Wireless connectivity has become an integral part of making your restaurant hum and an expected convenience for guests. But when the Internet goes down, it could send your entire restaurant into upheaval and create several small inconveniences that threaten your profits.
One of the first noticeable signs of an Internet outage is the lack of music, then meal orders aren’t getting through to the kitchen, the TV feed has frozen and credit cards are coming back “declined” even though they shouldn’t be. It is an operational nightmare likely to result in customer complaints and negative feedback. If your restaurant offers to-go orders, online reservations or uses Internet-based phone system; that’s, even more, business lost.
All these service problems add up the longer the outage lasts, both in reputation and the bottom line. A weekend-long outage results in hundreds of stored credit card transactions that must be run once service returns. This helps the business stay open, but there is some risk if the payment is declined and results in a chargeback due to a lack of funds on the credit card, further cutting into the slim margins of business.
An interruption in your online service also throws a wrench in the working rhythm of your restaurant. With the point of sale unable to send orders to the kitchen, there’s a sudden need for a runner or expeditor to transfer orders between the front and back of house. Otherwise, it returns to the waitstaff taking each order back into the kitchen — a process a modern staff is likely unfamiliar with.
Since most workers use a POS to clock-in and clock-out, those work hours could be delayed and disrupt your normal payroll calculation. Managers usually have a workaround for this, but those are more time-intensive and another strain is the last thing the managers need when they are already stressed by the other problems caused by the outage.
Backup Internet Connection for Business: A Better Option
With FlyghtProtect, the first thing you do when there is an Internet outage is…nothing. In fact, you may never even notice. When your restaurant’s primary internet connection is lost (i.e. Comcast or AT&T fail), the connected devices in your business will automatically “failover” to a mobile broadband network — connecting to an LTE or 4G connection to maintain an internet connection inside the business much the same way a mobile phone does when leaving a WiFi spot.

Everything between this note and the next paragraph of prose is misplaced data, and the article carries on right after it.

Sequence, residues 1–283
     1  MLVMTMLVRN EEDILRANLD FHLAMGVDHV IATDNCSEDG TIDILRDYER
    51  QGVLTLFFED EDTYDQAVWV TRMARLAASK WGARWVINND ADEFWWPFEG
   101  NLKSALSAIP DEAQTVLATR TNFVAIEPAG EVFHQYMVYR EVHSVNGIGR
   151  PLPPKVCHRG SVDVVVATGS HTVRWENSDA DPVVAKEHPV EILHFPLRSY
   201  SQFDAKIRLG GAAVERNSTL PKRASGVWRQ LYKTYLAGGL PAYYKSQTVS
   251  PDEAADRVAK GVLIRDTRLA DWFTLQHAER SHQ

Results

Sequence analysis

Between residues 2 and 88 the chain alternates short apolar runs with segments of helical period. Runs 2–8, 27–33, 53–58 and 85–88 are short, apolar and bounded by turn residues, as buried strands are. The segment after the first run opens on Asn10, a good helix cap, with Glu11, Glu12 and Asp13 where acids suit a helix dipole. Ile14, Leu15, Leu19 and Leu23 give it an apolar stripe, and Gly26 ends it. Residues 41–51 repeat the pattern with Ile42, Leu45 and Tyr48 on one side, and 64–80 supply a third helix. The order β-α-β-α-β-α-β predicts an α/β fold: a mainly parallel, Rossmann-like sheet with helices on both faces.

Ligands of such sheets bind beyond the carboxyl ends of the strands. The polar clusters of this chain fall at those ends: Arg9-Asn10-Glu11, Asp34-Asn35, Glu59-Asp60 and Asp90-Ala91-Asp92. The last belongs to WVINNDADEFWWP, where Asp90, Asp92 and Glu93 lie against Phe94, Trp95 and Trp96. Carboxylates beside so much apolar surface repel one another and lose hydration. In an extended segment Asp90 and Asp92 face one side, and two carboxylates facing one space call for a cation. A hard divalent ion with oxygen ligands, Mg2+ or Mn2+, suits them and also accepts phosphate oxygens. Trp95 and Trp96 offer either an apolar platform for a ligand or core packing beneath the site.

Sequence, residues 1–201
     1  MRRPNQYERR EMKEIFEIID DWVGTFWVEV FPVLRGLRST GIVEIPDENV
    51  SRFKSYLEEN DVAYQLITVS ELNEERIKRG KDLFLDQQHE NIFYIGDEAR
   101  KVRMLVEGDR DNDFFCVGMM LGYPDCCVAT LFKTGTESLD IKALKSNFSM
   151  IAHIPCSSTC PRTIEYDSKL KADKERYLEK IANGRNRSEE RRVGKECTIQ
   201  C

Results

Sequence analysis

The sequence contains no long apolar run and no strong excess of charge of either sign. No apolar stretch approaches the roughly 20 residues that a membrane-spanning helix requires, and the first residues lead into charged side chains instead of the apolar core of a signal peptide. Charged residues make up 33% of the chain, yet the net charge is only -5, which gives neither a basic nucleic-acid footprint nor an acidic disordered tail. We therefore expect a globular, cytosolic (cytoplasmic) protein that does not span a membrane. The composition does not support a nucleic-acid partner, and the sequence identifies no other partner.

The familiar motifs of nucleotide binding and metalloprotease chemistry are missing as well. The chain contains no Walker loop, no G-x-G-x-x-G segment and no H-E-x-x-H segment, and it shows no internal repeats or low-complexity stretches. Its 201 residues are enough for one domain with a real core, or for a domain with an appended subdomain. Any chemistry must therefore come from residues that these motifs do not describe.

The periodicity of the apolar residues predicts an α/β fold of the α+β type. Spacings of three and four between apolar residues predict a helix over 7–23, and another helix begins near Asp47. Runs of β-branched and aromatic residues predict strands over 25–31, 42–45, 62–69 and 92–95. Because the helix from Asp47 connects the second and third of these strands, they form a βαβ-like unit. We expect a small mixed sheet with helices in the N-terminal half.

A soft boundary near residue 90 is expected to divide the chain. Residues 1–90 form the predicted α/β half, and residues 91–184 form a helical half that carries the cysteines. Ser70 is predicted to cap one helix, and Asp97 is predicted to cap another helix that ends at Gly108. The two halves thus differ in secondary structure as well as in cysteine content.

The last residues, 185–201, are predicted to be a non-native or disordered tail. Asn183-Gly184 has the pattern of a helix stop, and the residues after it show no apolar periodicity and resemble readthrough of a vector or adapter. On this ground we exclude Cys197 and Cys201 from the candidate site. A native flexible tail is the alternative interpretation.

Unlike a mobile phone — and other Point of Sale systems — FlyghtProtect doesn’t come with a data limit that triggers a higher rate once you inevitably exceed it.
What Is a Failover?
During the primary outage, the failover service would support more than just the essentials like credit card processing, order tracking, and employee clock times. It would include remote support, overhead music, digital signage, public WiFi, some television services, online, and keep the business running at 100 percent.
In short, FlyghtProtect minimizes — if not negates — the disruption of an Internet outage. Once the primary internet connection returns, the 4G connection will automatically “fail-back” to the primary connection and you will receive a notification. The likelihood that customers or even your employees noticing are minimal, and the natural rhythm of the restaurant would be maintained.
Many restaurant owners are unknowingly putting their revenue and reputation at risk by not having a backup internet connection. We’ve had plenty of clients who have learned the hard way how disruptive and expensive an internet outage can be without any kind of backup internet connection for business. Instead of waiting for an inevitable disruption in your internet connection, do yourself a favor and get a backup internet connection like FlyghtProtect so you never have to deal with this messy and stressful situation.Wireless connectivity has become an integral part of any restaurant and an expected convenience for guests. But when the Internet goes down, it could send your entire restaurant into upheaval and create several inconveniences that threaten your profits.Click To Tweet